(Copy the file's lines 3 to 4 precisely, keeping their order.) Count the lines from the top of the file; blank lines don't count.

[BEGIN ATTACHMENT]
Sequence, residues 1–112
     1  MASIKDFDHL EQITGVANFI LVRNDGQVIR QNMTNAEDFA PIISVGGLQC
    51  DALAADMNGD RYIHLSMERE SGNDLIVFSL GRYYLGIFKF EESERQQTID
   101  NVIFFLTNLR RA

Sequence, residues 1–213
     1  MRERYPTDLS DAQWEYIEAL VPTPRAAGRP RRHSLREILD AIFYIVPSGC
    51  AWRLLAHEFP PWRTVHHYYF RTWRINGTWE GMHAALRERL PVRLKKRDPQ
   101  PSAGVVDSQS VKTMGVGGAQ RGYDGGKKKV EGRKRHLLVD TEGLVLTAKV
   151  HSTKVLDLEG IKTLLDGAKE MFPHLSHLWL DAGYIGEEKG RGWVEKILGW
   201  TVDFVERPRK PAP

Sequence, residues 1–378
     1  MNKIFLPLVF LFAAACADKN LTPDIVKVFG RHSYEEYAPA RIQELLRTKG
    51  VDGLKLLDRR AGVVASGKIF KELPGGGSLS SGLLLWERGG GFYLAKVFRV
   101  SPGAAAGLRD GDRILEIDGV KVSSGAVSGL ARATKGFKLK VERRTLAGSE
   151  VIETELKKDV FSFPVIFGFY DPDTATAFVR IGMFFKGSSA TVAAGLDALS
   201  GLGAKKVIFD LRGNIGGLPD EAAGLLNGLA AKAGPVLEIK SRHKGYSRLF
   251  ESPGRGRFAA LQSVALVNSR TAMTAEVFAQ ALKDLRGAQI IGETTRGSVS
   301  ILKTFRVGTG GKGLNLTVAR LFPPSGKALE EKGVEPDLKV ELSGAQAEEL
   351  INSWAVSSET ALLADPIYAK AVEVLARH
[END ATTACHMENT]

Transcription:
    51  DALAADMNGD RYIHLSMERE SGNDLIVFSL GRYYLGIFKF EESERQQTID
   101  NVIFFLTNLR RA